Today, ESA’s Mars Express orbiter flies almost directly over
the NASA Spirit rover at Gusev Crater at an altitude of about
300 kilometres. Mars Express uses four instruments to look
down, while Spirit looks up.

Mars Express will be looking down with its High Resolution
Stereo Camera and three spectrometers: OMEGA for
identifying minerals in infrared and visible wavelengths, and
the Planetary Fourier Spectrometer (PFS) and
SPICAM for studying atmospheric circulation and composition. Spirit
will be looking up with its panoramic camera and an infrared

Spirit’s science team will be able to take advantage of the
special possibilities presented by this pass of the European orbiter.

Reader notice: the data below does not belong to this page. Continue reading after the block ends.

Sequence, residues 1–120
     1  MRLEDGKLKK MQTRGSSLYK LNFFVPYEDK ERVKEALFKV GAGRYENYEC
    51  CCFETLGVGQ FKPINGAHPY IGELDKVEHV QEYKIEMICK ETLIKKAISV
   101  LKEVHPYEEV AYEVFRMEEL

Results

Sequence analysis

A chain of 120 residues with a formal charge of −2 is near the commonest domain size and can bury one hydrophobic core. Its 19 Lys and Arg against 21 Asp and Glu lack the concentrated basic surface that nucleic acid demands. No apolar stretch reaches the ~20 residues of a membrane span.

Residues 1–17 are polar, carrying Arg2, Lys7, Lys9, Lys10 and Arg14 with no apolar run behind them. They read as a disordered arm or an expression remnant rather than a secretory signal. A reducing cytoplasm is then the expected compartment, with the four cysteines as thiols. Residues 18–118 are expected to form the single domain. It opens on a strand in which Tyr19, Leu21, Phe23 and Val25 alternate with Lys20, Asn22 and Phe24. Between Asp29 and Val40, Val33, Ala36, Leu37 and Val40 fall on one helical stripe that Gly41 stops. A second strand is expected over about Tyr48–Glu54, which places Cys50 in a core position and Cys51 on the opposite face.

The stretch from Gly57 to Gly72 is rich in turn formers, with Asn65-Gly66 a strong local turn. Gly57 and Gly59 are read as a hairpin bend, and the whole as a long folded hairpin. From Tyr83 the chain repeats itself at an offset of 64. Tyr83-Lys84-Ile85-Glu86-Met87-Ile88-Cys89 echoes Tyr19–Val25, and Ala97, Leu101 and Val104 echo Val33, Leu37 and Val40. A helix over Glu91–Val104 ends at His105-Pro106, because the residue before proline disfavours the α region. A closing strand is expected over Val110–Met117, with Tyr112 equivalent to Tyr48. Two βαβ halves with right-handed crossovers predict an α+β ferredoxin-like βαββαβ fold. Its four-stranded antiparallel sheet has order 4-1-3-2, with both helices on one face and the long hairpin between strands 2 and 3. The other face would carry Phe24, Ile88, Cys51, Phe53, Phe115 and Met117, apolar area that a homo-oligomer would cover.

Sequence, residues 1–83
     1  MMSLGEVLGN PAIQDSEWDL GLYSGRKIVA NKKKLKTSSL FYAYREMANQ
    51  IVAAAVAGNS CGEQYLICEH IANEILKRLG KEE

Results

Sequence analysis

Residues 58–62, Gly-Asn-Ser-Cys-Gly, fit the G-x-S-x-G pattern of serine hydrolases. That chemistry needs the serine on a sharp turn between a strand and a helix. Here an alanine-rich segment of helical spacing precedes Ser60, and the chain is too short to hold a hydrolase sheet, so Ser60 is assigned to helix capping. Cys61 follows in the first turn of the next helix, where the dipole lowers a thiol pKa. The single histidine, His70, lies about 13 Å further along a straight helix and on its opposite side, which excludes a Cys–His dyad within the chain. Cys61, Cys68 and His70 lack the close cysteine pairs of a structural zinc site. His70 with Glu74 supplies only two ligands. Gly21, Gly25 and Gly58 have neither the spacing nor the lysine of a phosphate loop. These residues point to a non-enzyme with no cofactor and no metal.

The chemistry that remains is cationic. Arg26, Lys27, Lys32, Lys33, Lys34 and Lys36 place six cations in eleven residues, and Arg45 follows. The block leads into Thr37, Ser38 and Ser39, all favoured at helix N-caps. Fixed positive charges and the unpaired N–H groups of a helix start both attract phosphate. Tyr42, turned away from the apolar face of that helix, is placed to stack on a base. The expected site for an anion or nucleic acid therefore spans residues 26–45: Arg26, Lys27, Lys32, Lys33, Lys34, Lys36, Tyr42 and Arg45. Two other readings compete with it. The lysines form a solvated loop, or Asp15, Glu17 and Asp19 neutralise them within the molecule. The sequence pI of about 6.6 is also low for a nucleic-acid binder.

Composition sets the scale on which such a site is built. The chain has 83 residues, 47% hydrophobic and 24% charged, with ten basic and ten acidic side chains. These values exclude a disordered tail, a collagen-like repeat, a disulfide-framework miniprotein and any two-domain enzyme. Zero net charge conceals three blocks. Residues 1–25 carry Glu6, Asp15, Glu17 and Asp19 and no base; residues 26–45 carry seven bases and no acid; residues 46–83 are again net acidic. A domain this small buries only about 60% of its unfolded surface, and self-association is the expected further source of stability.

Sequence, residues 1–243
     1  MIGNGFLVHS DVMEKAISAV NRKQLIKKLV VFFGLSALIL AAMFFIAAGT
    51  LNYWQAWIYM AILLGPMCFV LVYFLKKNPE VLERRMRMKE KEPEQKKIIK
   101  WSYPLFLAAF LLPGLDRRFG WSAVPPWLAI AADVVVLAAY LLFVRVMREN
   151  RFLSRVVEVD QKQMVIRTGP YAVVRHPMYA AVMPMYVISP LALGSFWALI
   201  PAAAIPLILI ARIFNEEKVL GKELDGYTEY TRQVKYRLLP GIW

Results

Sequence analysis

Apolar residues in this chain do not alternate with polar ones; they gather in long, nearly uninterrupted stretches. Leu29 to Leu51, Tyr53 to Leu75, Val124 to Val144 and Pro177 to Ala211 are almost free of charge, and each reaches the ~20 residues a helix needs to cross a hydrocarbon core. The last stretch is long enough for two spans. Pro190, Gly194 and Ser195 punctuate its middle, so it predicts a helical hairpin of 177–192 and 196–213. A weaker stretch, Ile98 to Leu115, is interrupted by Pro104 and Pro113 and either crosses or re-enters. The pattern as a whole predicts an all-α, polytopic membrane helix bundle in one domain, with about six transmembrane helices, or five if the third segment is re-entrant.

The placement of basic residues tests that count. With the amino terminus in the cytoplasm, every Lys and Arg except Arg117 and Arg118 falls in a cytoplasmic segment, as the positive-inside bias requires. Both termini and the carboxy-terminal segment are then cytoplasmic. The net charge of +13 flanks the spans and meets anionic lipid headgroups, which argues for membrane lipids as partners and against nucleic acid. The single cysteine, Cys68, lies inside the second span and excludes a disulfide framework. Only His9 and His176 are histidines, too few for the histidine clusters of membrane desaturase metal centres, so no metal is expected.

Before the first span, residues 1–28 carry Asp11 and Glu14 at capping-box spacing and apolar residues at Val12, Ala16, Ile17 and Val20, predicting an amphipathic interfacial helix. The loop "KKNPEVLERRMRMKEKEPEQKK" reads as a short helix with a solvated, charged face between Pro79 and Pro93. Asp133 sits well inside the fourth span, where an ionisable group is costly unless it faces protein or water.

The aim is to get observations from above and below at the same time
to determine the dynamics of the atmosphere as accurately as possible.

The Mars Express observations are also expected to supplement earlier
information from two NASA Mars orbiters about the surface minerals and
geological features in Gusev Crater.

Dr Ray Arvidson, Deputy Principal Investigator for the
science instruments on the Spirit rover, said: "This is an
historic opportunity." Spirit’s infrared spectrometer, the
Miniature Thermal Emission Spectrometer (Mini-TES)
can be used to assess the temperatures in the Mars
atmosphere from the planet’s surface to a height of
several kilometres.

The Mars Express measurements are most sensitive for
the upper atmosphere, while Spirit’s measurements are
most sensitive for the lower portion of the atmosphere.

Agustin Chicarro, ESA’s Project Scientist for Mars
Express, said: "This is the first time that two space
agencies are co-operating on another planet with two
spacecraft. It is remarkable to know that one is in
orbit and one is on the surface, both taking
measurements to complement each other."